Who is Śrīla Prabhupāda

His Divine Grace A.C. Bhaktivedanta Swami Prabhupada (1896-1977) is widely regarded as the foremost Vedic scholar, saint, translator and teacher of the modern era. He is especially respected as the world’s foremost contemporary authority on bhakti-yoga, devotional service to the Supreme Personality of Godhead-Sri Krishna, as taught in the ancient Vedic scriptures of India. He is also the founder and Acharya of the International Society for Krishna Consciousness.

Srila Prabhupada, as he is called by his devotees, translated and annotated more than eighty volumes of the most important sacred bhakti texts of the Vedas. These include the Bhagavad-gita as it is – the main work and summary of the Vedic scriptures for the understanding, purpose and goal of human life. And also the multi-volume Srimad-Bhagavatam – an epic biography of Krishna, his avatars and his many devotees throughout the history of the universe, also called the ripe fruit on the Vedic tree, translated and annotated by Srila Prabhupada.

Śrīla Prabhupāda

A.C. Bhaktivedanta Swami Prabhupāda, affectionately called Śrīla Prabhupāda by his disciples, was born in Calcutta on 1 September 1896. He attended university there and after graduating in philosophy, English and economics in 1920, he joined Gandhi’s independence movement.

In 1922, he met his spiritual master Śrī Śrīmad Bhaktisiddhānta Sarasvatī Gosvāmī, who commissioned him to spread the science of Kṛṣṇa consciousness through the English language at their very first meeting.

Nine years later, he received formal initiation in Allahabad from Bhaktisiddhānta Sarasvatī Gosvāmī, a great scholar and the founder of sixty-four Gauḍīya Maṭhas (Vedic Institutes).

In the following years, Śrīla Prabhupāda wrote a commentary on the Bhagavad-gītā, supported the Gauḍīya Maṭha in her work and in 1944, without outside help, began to regularly publish the magazine “Back to Godhead” in English. He edited it himself, typed the manuscripts and checked the proofs. He generously distributed the individual copies himself and made great efforts to keep the publication going. By the mid-seventies, the monthly circulation was over one million copies, which were translated into the world’s most important languages.

In recognition of Śrīla Prabhupāda’s philosophical erudition and devotion, the Gauḍīya Vaiṣṇava Society honoured him with the title “Bhaktivedanta” in 1947.

In 1950, at the age of fifty-four, Śrīla Prabhupāda retired from family life, and four years later he entered the vānaprastha state (life in seclusion) in order to devote more time to his studies and writing.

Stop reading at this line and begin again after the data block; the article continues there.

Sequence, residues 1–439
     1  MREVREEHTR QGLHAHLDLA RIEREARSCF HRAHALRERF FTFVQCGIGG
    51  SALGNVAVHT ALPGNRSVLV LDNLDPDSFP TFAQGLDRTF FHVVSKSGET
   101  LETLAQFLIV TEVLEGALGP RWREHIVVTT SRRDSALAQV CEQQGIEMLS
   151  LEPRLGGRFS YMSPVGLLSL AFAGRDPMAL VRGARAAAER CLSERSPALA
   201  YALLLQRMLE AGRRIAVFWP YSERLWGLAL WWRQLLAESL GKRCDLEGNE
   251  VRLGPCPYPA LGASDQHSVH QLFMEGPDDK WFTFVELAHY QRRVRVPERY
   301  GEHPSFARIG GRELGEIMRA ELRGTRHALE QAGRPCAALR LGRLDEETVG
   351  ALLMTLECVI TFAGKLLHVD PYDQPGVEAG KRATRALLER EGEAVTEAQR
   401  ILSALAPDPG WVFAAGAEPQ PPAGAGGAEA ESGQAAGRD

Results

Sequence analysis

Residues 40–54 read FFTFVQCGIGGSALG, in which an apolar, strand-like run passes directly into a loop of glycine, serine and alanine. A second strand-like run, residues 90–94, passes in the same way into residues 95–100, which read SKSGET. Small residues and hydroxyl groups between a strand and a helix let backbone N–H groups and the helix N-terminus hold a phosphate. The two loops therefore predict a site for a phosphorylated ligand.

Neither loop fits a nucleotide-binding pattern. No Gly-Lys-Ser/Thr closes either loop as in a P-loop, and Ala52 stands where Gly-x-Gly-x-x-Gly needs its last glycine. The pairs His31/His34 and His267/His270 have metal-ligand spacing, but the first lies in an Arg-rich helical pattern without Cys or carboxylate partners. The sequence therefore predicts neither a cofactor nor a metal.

Śrīla Prabhupāda travelled to the holy city of Vṛndāvana, where he lived in the historic medieval temple of Rādhā-Dāmodara in very modest circumstances.

In 1959, he entered the state of renunciation (sannyāsa). In the Rādhā-Dāmodara temple, Śrīla Prabhupāda then began work on his life’s work – a multi-volume translation with commentary of the eighteen thousand verse Śrīmad-Bhāgavatam (Bhāgavata Purāṇa). The book Easy Journey to Other Planets was also written there.

In 1962, he published the first volume of the over 5,000-year-old Śrīmad-Bhāgavatam, a first translation into English, which was soon followed by two more volumes.

After the publication of three volumes of the Bhāgavatam, Śrīla Prabhupāda travelled to the United States of America in 1965 to fulfil his spiritual master’s mission of spreading Kṛṣṇa consciousness in the Western world.

When Śrīla Prabhupāda arrived in New York harbour on the cargo ship Jaladūta in September 1965, he brought only approx. seven dollars and a pair of hand cymbals in addition to his books. After a year of great difficulties, he then founded the International Society for Krishna Consciousness (ISKCON) in July 1966, which has since developed into the largest spiritual movement of the present day.

Since that time, Śrīla Prabhupāda has translated and published 30 more major books and about 10 paperbacks, making him recognised by all Sanskrit scholars as the most important Sanskrit scholar of the present day.

Despite his advanced age, A.C. Bhaktivedanta Swami Prabhupāda still translated several hours a day from the Vedic scriptures, many of which already serve as textbooks at universities. As Śrī Lal Bahadur Shastri, the former Prime Minister of India, stated, A.C. Bhaktivedanta Swami is doing valuable work; his books are significant contributions to the liberation of humanity.

Highly respected in academic circles for their authenticity, depth and clarity, Śrīla Prabhupāda’s books are used as teaching aids at numerous colleges and universities. By March 1977, Śrīla Prabhupāda had travelled around the world fourteen times on lecture tours that took him to five continents. Despite such a busy schedule, he continued to produce books that form a veritable library of Vedic philosophy, religion, literature and culture.

By the time of his physical passing away on 14 November 1977 in Vṛndāvana, India, Śrīla Prabhupāda had written more than 80 volumes of authoritative translations, commentaries and synoptic studies of Indian Vedic literature. For his disciples, Śrīla Prabhupāda lives on in his books and instructions.

Most of his books were written or dictated by Śrīla Prabhupāda in English. They were translated into practically all the more or less important languages of the world.

Śrīla Prabhupā’s main works are:

Bhagavad-gītā As it Is,
Śrīmad-Bhāgavatam (12 volumes),
Caitanya-caritāmṛta (11 volumes),
Kṛṣṇa – The Supreme Personal God (3 volumes),
The teachings of Śrī Kṛṣṇa Caitanya,
Śrī Īṣopaniṣad,
The nectar of devotion,
The nectar of instruction,
Easy journey to other planets,
Life comes from life,
Christ, Krishto, Kṛṣṇa,
as well as many other smaller books.

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